Parents: Bullies drove 13-year-old to suicide

September 29, 2010 4:23:45 PM PDT
It seems like we hear about bullying and cyberbullying in schools a lot more these days, but one case is hitting close to home because it ended with the death of a 13-year-old boy. Asher Brown's parents believe the eighth grader was bullied to death, and they claim his school and the Cypress-Fairbanks school district did nothing to stop it.

The 13-year-old's parents claim that the bullying went on for two years, ever since he got to the middle school. They claim that during that time, they had gone to complain to coaches, an assistant principal and anyone who would listen. They say nothing was ever done.

Now some other parents have come forward, seemingly supporting that claim.

"I told him I loved him and I hoped he had a good day," said Amy Truong, parent of Asher Brown. "He said, 'I love you too.' He seemed fine."

Just a few short painful days after their son, Asher Brown, took his own life, there are questions whether people at his school did enough to protect him.

"We never had any indication that those children were disciplined at all," said Amy.

She and her husband David Truong claim Asher was bullied to death, taunted by other students at Hamilton Junior High School. They say he was ridiculed over his appearance, his religion and his sexual orientation.

The final blow, they believe, came just a day before he committed suicide.

"They literally tripped him down one flight of stairs; then when Asher got up to collect himself, they tripped him down a second one," said David.

The Truongs claim for months they had complained to the school about the bullying, calling and showing up at least six times. But it was always the same response from the school.

"We gave the names to the school and nothing was done. Nothing," David said.

"I said, 'Sir' -- I don't remember their names, the coaches -- 'Asher Brown or Killian Brown, our other son, they've been harassed, or they've been ganged up on.' I would use different words of what was done to them," recalled David Truong. "'We need to talk.' And there were no returns. Or I would go there, and when I would go there, I would even sometimes dress in a full suit to try to get a different response. No. They said, 'You don't have an appointment.'"

Amy Truong said, "They were just hoping we would leave it at that and go home."

Cy-Fair district officials say they have no reports from students, staff members or parents that Asher was ever bullied. If he was, they say, the case would have been investigated.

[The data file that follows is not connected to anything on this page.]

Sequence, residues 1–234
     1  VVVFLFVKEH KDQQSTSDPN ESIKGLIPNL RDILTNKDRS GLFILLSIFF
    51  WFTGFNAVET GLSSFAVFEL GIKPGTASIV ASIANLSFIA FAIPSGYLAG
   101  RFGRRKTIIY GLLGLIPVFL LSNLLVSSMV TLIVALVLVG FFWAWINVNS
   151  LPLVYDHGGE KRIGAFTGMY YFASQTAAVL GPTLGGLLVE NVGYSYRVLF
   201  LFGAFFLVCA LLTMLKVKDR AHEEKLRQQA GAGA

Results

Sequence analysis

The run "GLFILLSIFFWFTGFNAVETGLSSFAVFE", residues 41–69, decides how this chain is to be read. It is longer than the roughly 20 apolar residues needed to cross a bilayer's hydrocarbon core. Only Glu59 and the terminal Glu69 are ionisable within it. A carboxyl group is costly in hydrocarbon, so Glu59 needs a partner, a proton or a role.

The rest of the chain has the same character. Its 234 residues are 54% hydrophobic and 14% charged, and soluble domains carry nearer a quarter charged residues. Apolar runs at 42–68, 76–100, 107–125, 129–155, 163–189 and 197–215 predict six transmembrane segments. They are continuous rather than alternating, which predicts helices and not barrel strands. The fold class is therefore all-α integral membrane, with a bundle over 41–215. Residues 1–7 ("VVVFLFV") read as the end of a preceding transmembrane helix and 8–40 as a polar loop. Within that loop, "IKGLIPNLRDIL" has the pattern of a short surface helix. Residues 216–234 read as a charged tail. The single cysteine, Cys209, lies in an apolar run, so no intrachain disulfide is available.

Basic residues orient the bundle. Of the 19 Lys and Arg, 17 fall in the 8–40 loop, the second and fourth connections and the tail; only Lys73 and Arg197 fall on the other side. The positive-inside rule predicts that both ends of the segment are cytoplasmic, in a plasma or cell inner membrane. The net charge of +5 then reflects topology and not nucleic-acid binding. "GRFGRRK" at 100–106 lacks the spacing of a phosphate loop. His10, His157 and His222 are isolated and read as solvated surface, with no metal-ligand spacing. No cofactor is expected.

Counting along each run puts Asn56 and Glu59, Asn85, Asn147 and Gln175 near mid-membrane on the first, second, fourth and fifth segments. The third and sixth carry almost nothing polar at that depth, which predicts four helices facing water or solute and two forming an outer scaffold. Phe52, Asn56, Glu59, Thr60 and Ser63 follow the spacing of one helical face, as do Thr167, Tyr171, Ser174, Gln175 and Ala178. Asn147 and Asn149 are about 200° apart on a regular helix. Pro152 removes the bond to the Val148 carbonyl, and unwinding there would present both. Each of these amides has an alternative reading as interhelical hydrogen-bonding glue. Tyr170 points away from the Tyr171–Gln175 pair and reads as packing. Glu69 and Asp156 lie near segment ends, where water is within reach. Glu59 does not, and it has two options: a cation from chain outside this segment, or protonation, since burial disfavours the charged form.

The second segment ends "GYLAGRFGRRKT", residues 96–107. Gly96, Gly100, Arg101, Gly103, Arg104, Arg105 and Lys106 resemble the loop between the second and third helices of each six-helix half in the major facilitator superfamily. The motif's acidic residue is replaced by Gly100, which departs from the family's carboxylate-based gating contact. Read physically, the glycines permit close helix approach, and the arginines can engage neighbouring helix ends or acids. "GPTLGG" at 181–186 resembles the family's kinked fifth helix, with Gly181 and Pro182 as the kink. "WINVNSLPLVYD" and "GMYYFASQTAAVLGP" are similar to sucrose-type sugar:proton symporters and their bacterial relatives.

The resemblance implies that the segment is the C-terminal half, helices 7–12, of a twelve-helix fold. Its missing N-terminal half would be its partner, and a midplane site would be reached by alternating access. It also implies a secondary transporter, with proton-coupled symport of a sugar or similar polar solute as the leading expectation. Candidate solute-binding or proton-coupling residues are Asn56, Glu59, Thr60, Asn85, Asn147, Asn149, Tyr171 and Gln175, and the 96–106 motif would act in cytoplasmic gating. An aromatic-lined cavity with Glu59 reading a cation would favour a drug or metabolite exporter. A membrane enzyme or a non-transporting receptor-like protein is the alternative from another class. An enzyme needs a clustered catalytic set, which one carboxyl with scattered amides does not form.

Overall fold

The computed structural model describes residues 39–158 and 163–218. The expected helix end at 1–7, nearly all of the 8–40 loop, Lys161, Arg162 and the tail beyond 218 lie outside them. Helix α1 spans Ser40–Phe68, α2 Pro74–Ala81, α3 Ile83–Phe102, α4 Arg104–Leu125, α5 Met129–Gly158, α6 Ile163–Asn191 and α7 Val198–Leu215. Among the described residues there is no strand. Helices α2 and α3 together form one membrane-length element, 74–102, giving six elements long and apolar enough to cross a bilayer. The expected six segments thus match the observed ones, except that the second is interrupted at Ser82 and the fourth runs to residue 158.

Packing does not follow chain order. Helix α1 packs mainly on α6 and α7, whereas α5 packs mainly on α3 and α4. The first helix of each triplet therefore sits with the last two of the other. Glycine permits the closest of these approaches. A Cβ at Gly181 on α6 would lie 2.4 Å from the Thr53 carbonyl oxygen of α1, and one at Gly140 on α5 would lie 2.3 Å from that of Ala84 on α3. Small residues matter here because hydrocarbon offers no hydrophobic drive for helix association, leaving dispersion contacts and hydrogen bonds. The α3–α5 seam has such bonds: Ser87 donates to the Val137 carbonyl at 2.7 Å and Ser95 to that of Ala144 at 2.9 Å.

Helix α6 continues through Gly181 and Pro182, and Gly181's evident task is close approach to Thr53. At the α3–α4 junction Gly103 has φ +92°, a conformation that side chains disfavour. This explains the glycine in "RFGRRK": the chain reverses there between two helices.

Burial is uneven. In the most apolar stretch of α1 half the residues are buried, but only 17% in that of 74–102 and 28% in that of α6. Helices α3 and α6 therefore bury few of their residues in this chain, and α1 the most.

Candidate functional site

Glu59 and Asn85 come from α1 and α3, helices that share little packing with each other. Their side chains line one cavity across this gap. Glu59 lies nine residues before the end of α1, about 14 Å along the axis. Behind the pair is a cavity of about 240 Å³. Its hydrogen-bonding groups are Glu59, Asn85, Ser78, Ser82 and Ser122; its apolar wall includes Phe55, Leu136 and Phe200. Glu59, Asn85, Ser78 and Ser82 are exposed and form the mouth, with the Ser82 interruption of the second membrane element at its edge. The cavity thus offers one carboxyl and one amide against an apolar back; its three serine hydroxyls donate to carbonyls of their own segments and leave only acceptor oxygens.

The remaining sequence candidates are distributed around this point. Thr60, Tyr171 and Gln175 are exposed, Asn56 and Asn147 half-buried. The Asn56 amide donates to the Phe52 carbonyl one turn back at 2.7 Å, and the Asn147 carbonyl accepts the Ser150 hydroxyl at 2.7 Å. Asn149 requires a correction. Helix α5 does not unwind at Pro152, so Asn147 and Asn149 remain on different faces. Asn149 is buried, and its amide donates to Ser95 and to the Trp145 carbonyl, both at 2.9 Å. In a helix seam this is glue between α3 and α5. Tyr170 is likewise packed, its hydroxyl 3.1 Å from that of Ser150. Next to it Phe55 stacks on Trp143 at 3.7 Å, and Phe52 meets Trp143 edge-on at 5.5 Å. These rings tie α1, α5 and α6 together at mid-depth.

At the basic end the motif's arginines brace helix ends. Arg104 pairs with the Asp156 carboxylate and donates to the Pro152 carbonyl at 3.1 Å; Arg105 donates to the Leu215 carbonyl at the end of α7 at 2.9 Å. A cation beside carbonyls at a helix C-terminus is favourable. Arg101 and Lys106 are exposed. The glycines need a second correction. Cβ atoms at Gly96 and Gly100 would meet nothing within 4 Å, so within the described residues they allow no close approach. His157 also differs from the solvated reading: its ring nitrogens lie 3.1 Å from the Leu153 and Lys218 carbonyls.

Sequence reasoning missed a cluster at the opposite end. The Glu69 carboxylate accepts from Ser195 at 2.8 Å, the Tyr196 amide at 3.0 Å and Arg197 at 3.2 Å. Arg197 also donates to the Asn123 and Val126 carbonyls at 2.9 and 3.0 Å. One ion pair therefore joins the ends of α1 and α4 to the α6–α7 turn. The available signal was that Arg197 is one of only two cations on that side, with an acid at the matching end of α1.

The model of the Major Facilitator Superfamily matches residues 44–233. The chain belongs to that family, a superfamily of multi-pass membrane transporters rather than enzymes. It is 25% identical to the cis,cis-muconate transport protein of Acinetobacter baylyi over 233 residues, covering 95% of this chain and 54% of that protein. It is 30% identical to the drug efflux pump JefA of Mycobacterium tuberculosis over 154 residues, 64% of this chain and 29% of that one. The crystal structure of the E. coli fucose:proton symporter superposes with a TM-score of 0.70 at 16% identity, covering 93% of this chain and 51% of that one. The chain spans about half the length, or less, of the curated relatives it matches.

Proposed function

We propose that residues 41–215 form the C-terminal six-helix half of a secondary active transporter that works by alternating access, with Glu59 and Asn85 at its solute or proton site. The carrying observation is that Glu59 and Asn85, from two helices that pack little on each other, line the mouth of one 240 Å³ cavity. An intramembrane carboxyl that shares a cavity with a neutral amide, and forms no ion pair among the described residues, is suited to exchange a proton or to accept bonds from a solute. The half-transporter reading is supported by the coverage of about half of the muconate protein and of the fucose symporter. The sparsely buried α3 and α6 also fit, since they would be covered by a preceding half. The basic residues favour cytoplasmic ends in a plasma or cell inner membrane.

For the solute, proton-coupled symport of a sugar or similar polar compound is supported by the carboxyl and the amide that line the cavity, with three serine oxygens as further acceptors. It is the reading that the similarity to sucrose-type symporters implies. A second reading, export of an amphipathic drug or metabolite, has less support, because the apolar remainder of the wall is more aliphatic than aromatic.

Another parent, however, doesn't find the response surprising.

"I talked to the teacher, her teacher, several times," said Nancy Brown, who claims her daughter was bullied.

She pulled her daughter out of Hamilton last year, claiming she too was bullied.

"They never called us to the school; they never met with us," Brown said.

The Truongs say it's claims like that is the reason they're coming forward.

"I can't do anything to save my child anymore, but if I can help somebody else, I want to," Amy said.

The Truongs have hired an attorney and will likely file a lawsuit.

The Cy-Fair school district issued a statement late Wednesday that read:
    "The district together with the Hamilton community is saddened by the death of Asher Brown. Knowing that Hamilton Middle School students may need support, the district's counseling and psychological teams are expanding crisis services.
    A district administrative team is conducting a thorough and involved investigation into the allegations of bullying that have been made since the death of Asher Brown. Although the investigation is not completed, the initial findings indicate that Asher's personal and family histories were very complicated."

The Human Rights Campaign, the largest civil rights organization in America, released a statement regarding Asher Brown's suicide.

    "This young man had a wonderful life ahead of him, but he was 'bullied to death' because he was gay. This tragedy was preventable. We urge school districts and state legislatures everywhere to implement anti-bullying policies and laws that protect all students."

Forty-two states including Texas have adopted state laws on bullying prevention. However, an Associated Press review last year found that most of those laws are ineffective. Part of the problem is that bullying can be hard to define.

Another problem is that many state laws do not include provisions for punishing bullies.


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